City Name Address Year unveiled Year renovated Image Description
Bačka Palanka Memorial to the Victims of Fascism at the Jewish Cemetery 161 Svetozara Miletića Street 1955 The memorial to the victims was unveiled in the Jewish Cemetery on October 20, 1955. The erection of the monument was initiated by the Jewish community of Bačka Palanka and the Association of Fighters of the National Liberation War. The monument is decorated with traditional Jewish motifs: Magen David, Menorah, and Ner Tamid (the Eternal Light). The inscription commemorates fallen Jewish fighters and Jewish victims of fascist terror. The inscription in Hebrew commemorates the victims of fascism 1941-1945, 'יזכרם אלהינו לטובה עם שאר צדיקי עולם' (May our Lord remember them for good, together with the other righteous of the world), a verse from the memorial prayer Av HaRahamim (Father of Compassion). Av HaRahamim is praying for all souls of Jewish martyrs and it was written at the end of the 11th century, after the destruction of the Ashkenazi communities along the Rhine River in Germany during the First Crusade. Below are the lyrics from a poem by Aleksa Šantić (1868-1924) 'My Night' ... ''My night when will you pass me? - Never! My dear when will you come to me? - Never!'. Šantić poem, in which he merged melancholy, pain, and disappointment reflects the prevailing zeitgeist of the period. On the steps of the monument are verses from Jovan Jovanovic Zmaj's poem "Svetli grobovi" [Bright Graves]. ‘Where I stopped – you will go!’; ‘What I couldn’t – you will do!’; ‘Where I couldn’t – you’ll arrive!’; ‘Whatever we owe – you pay it off!’ The poem seeks to construct an image of the Serbian national past in the romantic key, turning the motif of sacred graves into the core of a national’ identity. It speaks of the promise of the descendants to continue what their ancestors began, the continuous sacrifice of many generations for the noble cause, and a hard but glorious past which helps new generations to find the right path into the future. Zmaj therefore does not depict the graveyard as a place for the dead but as a cradle of a new life. On the horizontal part of the monument is a memorial plaque with a five-pointed star and the inscription in Serbian that commemorates the Jews of '... Bačka Palanka and the surrounding areas fallen freedom fighters and victims of fascist terror.' The diversity of the inscriptions on the memorial clearly indicates that the initiators attempt to communicate with the wider population, about Jewish suffering during World War II.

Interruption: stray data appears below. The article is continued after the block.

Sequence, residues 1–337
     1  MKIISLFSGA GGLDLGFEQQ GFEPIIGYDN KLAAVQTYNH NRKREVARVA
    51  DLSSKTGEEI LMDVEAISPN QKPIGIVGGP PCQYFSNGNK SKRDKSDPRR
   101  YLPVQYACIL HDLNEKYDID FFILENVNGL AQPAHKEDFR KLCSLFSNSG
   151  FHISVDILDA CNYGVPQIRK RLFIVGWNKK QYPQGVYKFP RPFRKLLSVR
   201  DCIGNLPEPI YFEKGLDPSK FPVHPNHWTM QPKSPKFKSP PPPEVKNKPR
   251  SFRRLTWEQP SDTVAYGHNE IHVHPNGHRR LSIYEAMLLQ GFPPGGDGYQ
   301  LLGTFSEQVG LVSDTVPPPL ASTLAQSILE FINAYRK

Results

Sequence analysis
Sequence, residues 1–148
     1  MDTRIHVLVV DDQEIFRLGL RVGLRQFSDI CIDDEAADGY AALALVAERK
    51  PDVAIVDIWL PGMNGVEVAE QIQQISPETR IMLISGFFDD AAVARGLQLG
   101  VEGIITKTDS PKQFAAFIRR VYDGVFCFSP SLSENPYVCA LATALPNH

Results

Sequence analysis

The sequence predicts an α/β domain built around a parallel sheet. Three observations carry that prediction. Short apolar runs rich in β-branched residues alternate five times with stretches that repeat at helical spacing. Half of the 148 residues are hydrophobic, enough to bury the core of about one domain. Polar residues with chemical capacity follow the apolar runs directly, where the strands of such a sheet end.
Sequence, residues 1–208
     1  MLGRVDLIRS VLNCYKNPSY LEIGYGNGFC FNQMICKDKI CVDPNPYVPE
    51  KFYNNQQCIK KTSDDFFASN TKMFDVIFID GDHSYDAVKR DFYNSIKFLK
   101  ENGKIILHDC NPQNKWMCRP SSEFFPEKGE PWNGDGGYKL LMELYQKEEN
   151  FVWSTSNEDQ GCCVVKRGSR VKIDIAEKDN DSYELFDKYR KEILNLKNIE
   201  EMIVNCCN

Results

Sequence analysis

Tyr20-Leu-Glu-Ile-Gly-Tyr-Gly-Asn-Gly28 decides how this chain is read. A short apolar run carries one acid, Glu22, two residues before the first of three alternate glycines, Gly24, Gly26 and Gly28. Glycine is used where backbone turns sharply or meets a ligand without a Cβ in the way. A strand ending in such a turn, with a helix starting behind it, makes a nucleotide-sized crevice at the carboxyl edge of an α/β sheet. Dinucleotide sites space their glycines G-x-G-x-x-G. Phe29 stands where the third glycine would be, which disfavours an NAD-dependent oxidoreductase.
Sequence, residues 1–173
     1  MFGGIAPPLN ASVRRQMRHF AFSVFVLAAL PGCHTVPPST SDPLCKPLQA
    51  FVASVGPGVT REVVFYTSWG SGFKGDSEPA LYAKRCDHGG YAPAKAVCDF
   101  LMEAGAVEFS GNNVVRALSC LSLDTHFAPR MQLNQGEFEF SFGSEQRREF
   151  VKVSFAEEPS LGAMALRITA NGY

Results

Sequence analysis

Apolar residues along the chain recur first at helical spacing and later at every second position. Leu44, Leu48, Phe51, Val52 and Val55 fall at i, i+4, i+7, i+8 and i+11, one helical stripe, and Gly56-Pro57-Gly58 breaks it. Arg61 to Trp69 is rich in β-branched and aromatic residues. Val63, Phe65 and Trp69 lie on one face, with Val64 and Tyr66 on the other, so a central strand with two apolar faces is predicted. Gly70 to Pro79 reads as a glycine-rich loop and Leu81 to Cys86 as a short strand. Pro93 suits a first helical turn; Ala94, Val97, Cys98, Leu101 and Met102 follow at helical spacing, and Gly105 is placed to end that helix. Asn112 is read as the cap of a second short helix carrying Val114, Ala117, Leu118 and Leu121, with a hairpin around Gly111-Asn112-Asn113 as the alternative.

Bačka Palanka Memorial plaque marking the place where the synagogue once stood 62 Žarka Zrenjanina Street 2007 The synagogue was demolished in 1956. On April 29, 2007, on the site where the synagogue once stood, was unveiled a memorial plaque commemorating the synagogue and the tragic death of the majority of the Bačka Palanka Jews by the fascists in the Holocaust. It is comprised of the memorial plaque standing on a low pedestal. The initiative for the erection of this monument came from Rachel Frisch from Israel, who is a daughter of Jakob Eugene Gross, the community's last rabbi. The inscription on the plaque (in Serbian and Hebrew) commemorates the destroyed synagogue and the tragic death of the majority of the Bačka Palanka Jews in the Holocaust. It also mentions 37 Jews who survived the war and immigrated to Israel in 1948 together with their rabbi Jakob Gross.
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